Current Reviews


The Legion #33

Posted: Tuesday, June 8, 2004
By: Shawn Hill

“For the Future … Forever”

Writers: Abnett and Lanning
Artists: Batista and Leister

Publisher: DC

It’s rather rushed: DnA tie up their various threads, as the Credo and the Legion meet in final confrontation to determine the future of two galaxies.

Over something like 50 issues, DnA have revitalized and regrouped a Legion in disarray at the end of the once-fertile Reboot period. Of course, they broke them first, sending the Blight, the Rift, and Robotica against the team. By getting half the team Lost, and stranding the other half on various Worlds, they kept the focus on character, and upped the sci-fi quotient as well.

For the reunited team that began this title, DnA continued threads developed in their earlier series, while strengthening ties to other parts of DC continuity as the Blighted worlds recovered. The team faced Ra's Al Ghul, and rapid evolutionary change. They faced Universo and Darkseid, but enjoyed the help of a brand new Superboy, in homage to classic stories. There were losses (of Monstress, Element Lad, Livewire), but also returns (a transformed Livewire), and new friends (Shikari). There was new love (Cosmic Boy and Kid Quantum, a dalliance between Jo and Imra). There were surprises (the Tinya in lost was a ruse; the real Tinya was marooned on Rimbor, pregnant and unprotected). There were unwelcome changes (Garth, Kinetix and Jekka all experienced bodily transformations), and projects of personal growth (Jazmine coping with leadership duties, Dreamer choosing to discipline herself physically and mentally).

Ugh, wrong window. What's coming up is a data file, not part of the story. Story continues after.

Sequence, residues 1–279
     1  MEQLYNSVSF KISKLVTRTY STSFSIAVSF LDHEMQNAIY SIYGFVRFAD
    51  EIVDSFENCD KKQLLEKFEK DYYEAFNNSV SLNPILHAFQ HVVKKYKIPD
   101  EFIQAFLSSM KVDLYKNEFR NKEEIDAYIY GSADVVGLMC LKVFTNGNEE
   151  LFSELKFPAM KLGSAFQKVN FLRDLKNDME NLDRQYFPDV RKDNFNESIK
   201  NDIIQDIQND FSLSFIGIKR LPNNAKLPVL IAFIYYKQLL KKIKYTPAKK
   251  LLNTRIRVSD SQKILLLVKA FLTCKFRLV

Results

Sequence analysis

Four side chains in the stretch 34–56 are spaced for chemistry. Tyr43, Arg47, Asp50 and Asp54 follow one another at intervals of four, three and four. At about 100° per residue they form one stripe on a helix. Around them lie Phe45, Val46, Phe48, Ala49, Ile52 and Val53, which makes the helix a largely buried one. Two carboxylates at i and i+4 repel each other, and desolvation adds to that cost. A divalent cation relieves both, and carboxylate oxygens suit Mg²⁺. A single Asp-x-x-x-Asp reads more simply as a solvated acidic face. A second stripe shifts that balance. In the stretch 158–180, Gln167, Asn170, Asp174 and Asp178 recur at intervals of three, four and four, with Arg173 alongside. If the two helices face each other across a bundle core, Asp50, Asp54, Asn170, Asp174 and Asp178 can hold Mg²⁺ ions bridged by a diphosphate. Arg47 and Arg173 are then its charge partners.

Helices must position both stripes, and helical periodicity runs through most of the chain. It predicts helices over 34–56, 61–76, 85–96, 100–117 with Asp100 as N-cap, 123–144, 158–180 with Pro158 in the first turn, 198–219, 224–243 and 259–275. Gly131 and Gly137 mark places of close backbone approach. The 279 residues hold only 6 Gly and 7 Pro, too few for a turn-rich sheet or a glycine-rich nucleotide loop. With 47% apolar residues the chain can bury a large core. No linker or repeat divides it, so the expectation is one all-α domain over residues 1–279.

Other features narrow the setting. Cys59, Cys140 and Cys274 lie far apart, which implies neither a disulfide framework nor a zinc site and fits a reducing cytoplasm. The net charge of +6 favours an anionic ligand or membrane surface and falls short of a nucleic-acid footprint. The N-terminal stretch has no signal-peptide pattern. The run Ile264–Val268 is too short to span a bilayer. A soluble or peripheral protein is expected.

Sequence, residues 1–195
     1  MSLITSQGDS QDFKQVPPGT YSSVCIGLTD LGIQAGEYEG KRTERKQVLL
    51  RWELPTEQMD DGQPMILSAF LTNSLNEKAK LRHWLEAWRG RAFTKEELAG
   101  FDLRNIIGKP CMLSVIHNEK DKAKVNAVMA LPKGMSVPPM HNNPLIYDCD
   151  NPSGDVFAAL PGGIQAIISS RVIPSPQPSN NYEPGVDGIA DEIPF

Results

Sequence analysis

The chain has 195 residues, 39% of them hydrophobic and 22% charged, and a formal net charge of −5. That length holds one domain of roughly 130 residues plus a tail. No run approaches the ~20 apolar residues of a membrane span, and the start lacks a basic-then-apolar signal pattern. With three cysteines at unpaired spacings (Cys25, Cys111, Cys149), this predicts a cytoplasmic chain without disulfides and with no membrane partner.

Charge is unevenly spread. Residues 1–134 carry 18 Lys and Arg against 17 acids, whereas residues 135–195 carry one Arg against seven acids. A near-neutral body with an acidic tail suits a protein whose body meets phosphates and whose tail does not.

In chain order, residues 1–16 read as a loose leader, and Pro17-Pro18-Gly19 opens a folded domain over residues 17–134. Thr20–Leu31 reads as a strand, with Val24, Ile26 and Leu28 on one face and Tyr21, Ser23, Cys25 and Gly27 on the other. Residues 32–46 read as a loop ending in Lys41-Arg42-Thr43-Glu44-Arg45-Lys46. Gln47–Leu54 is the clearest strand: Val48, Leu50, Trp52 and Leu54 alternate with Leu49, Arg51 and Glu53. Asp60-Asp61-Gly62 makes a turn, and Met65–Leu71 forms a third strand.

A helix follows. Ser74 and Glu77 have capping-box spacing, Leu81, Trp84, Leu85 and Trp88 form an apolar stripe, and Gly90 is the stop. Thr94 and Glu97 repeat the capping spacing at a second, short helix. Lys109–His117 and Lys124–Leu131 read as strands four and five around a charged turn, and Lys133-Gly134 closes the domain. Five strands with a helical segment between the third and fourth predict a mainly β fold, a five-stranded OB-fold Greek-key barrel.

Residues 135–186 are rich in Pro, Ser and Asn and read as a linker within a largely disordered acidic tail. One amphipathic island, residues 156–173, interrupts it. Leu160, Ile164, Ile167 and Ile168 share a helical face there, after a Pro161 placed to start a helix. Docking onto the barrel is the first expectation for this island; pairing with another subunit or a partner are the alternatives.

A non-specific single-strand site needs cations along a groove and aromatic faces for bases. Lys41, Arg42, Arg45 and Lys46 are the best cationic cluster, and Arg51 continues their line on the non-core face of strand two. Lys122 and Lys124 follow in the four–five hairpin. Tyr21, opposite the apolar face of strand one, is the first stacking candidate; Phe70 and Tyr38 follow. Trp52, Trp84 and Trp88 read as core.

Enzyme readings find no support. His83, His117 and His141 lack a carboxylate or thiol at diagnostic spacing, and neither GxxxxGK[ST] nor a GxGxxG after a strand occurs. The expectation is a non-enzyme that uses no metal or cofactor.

Less interesting:
It’s a bit strange to see who’s spotlighted this issue. While almost everyone is featured, habitual stars M’onel and Cosmic Boy get few lines, while other players like Starboy and Umbra perform pivotal roles. It’s great to see the Espionage Squad score a coup, though, and for the Legion as a whole (finally reunited and at full strength, with their planet behind him) to put an end to the Credo menace at last.

Still interesting:
Like many of DnA’s stories, this issue is a bit schematic, more sketched in than fully explored. They rely greatly on Batista, whose bright and sparkling pencils go far to fill in whatever blanks one finds in the script. Overall, however, the DnA run will be seen as having had more hits than misses, and as keeping the Legion alive and flourishing while other titles old and new floundered.

What did you think of this book?
Have your say at the Line of Fire Forum!